Guest Post

Guest Post, Tina Tao: Microaffirmations and Kudos

I am excited to introduce a guest post by Tina Tao, Coordinator of Retention and Academic Support. If you are interested in writing a guest post for the blog, please find more information about CITA’s scholarship of teaching grant here.

Microaffirmations and Kudos: Small things that can have huge impacts on student success and retention

Tina Tao

When thinking about how to make St. Lawrence a better place to study and work, I frequently come back to student retention. That’s probably related to the fact that “retention” is part of my job title. Our university provides incredible opportunities – students can engage in their own research projects, study in one of our 30+ off-campus programs, or tap into our nationally-ranked alumni network and earn a coveted internship with an internationally-known company. Despite these amazing possibilities, I’ve seen some brilliant students leave St. Lawrence. In particular, I worry about retaining our academically high-achieving students, especially first-years. These are students who had 3.8-4.0 GPAs and valued their academics but struggled with a few things including our location and a lack of social connections or non-party (e.g. drinking) events. 

While I recognize that we can’t move our campus 100 miles south nor require students to offer parties with no alcohol, there have been two things that we in the Advising office have done to help our retention of students:

  • Upward-trajectory notes. My colleagues and I have sent letters to students who have shown improvement over the last two semesters by raising their semester GPAs by at least a quarter-point each time. While this is just one measure of intellectual engagement, it’s a significant one that they should be proud of. 
  • “You Crushed It” events with FY students. For the past four spring semesters, we invited first-year students who earned a 3.75 GPA or higher in their first fall semester to learn about different on-campus opportunities but also, more importantly, to socialize and get to meet other students who have succeeded academically. This event has been co-hosted with the FYP, Sophomore Success Initiative, and Center for Career Excellence. We had nearly 90 students (out of 115 invitees) come to our event this February and also plan a similar event for current sophomores in March.

Aside from writing notes or hosting a big bash, what are things that faculty can do to help retain students that require very little additional time or effort? I offer two recommendations that we can do to help our students feel valued and recognize them, in hopes of them seeing the future they can have as St. Lawrence students.

First are microaffirmations, which are small subtle social cues or acts that let the recipient know they are valued and welcomed into a community. In late 2020, I attended a virtual talk by Dr. Mica Estrada from UCSF. Estrada focuses on the use of microaffirmations as a strategy to improve the diversity within STEM fields, but microaffirmations have a place everywhere. An example of a microaffirmation is engaging in a conversation as an active listener, paying attention to what is being shared and following up with questions to further your understanding of the situation. People can get caught up with their own thoughts or their response to a discussion and distract themselves from listening to the current speaker. Other examples of microaffirmations include recognizing and validating the experiences of other people, calling on students by their preferred name/pronouns, and amplifying or reinforcing students’ contributions in class.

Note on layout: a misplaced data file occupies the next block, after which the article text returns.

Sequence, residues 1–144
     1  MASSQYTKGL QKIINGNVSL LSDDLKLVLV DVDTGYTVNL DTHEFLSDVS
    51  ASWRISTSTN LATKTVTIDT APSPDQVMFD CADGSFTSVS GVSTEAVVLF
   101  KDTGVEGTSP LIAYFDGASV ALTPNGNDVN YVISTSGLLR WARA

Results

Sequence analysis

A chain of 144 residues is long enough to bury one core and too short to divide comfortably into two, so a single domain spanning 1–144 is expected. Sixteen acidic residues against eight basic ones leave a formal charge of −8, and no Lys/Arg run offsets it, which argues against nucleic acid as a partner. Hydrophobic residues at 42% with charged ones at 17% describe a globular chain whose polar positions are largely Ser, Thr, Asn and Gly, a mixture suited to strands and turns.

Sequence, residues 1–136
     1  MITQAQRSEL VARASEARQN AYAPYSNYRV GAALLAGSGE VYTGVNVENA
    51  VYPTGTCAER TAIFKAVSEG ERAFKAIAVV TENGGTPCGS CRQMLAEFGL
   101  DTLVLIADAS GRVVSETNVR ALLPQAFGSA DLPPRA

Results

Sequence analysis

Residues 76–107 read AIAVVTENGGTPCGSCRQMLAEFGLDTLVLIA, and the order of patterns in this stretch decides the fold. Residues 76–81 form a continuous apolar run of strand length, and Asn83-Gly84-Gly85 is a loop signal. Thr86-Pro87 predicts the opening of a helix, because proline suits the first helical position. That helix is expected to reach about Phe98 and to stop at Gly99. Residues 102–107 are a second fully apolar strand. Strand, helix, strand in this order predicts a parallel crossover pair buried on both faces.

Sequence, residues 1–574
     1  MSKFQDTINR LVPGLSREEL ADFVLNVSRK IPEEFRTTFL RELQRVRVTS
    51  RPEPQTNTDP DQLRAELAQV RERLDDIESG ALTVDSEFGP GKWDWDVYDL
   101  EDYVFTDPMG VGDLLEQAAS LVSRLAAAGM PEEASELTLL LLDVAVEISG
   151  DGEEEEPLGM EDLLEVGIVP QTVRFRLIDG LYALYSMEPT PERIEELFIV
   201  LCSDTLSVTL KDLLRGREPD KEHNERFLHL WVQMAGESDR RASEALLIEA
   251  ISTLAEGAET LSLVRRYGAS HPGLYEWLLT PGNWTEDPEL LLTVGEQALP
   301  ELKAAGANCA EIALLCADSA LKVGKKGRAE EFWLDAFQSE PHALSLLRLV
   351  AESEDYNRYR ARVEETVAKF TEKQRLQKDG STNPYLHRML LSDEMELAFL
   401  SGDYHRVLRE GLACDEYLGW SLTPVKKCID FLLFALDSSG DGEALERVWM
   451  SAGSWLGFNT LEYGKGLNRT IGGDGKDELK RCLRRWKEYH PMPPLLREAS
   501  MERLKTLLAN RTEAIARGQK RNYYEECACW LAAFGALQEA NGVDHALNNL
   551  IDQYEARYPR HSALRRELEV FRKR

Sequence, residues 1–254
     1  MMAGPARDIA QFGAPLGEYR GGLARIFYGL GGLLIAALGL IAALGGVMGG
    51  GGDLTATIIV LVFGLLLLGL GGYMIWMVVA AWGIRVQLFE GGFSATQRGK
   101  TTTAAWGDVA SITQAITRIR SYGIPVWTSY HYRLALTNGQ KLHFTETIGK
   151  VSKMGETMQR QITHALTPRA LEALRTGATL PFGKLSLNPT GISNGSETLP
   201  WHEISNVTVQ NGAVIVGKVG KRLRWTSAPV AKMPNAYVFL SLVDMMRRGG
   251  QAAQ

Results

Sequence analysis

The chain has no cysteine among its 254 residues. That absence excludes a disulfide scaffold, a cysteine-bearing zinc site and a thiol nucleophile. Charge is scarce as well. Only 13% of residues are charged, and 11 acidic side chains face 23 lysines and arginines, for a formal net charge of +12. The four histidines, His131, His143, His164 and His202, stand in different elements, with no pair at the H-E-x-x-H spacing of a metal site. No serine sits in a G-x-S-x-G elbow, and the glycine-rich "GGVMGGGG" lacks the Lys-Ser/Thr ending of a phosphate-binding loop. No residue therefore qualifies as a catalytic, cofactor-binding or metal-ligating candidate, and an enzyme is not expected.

Secondly, one can use kudos in Starfish to praise a student, whether it is for something they did in the classroom or outside of academics. Recently, an advisee who had been struggling with her confidence before an exam came to see me for advice. She stopped by after her exam to say that her proactiveness to seek advice and reassurance kept her from freezing up during the test. I sent her kudos to share my excitement over her new-found self-esteem, as well as to further the encouragement I had given to her earlier. Starfish kudos are set up to share the student’s commendation with others who are connected with the student in the system (e.g. advisor, coach). These folks can also commend the student for their excellence. 

We often spend a lot of time reaching out and supporting students who are struggling in our classes and who need additional assistance to help them succeed. This may lead us to forget to recognize those who are excelling or showing progress in our courses. Including microaffirmations in your classroom and using Starfish kudos not only help improve our students’ sense of belonging and purpose here on campus, but it also helps us remember the joys of teaching while deepening our sense of belonging and purpose at SLU.